An Interview with Willson Cuaca

26 November 2015, by Media

Interviewee : Willson Cuaca, Co-Founder & Managing Partner of East Ventures

Indonesia's Opportunities as a Mobile First Country


As we all know, Indonesia’s startup scene is on the rise, especially in this past couple of years. We see many successful startups dominating the market in Indonesia. Names such as Bukalapak, Traveloka, Gojek, are just some of the few familiar names circulating the startup scene. Now, more and more startups struggle to rise, each finding ways to solve the many of problems Indonesia is facing. With this trend, international venture capital firms are turning their eyes to Indonesia, in search for the next breakthrough. IDByte Digital Trends caught up with Willson Cuaca, Co-Founder & Managing Partner of East Ventures to talk about Indonesia’s opportunities as a mobile-first country.

While Indonesia’s tech infrastructure is developing, and mobile penetration reaching 112%, Indonesian startups are still behind other Asian countries such as China, Japan and India, according to Willson Cuaca, Co-Founder and Managing Partner at East Ventures. “However, Indonesia is catching up very fast and in South East Asia, I can confidently say Indonesia is leading now,”he said.

That being said, the presence of Venture Capital firms plays a crucial role in boosting Indonesia’s tech ecosystem. Aside from funding, VCs provide startups the know-how, mentoring and community support. “Our portfolio’s founders and co-founders are the most valuable knowledge base for all upcoming entrepreneurs,”Willson explained, “We are like an extension of your family, and we call ourselves the EV Family.”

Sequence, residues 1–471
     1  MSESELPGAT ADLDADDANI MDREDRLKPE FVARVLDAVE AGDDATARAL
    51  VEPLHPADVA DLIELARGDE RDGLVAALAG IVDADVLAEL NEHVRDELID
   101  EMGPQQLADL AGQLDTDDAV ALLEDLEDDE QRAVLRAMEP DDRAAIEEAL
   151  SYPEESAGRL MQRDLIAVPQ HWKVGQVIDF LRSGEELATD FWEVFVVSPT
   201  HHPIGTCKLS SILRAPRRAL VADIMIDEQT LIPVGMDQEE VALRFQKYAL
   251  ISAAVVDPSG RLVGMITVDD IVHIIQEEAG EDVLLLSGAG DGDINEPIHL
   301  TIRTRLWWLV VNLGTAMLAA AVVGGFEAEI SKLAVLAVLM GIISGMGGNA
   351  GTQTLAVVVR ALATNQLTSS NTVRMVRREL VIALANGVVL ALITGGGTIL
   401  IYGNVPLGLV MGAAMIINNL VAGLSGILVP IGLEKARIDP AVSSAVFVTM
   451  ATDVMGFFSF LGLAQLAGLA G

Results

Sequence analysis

Surprisingly, what makes Indonesia a unique landscape for tech is inefficiency, which serves as the root of most problems in the country. The problems in the Indonesian society actually create a huge opportunity for tech startups to solve. Other than that, of course, Indonesia’s market size, plus its rising middle class and young population is very attractive for investors.

As a mobile-first country, Indonesia presents many opportunities for startup to grow. “We see mobile as a distribution platform. With more people using mobile as part of their lifestyle, startups must embark on this platform and capitalize the opportunity,” Willson said. With mobile in mind, it is also important for expansion of 4G connection across the nation. “Faster internet increases productivity and as a result increases our GDP. Better GDP per capita, better spending power translate into better economy,” explains Willson.

With a unique landscape and market, Indonesia indeed has got what it takes to surpass other nations in the region. What the country needs is improved connectivity and infrastructure that will support development of Indonesia’s tech and digital ecosystem. As for aspiring startups across the nation, Willson just have one simple advice to attract investor funding,“Target big category, and show good traction.”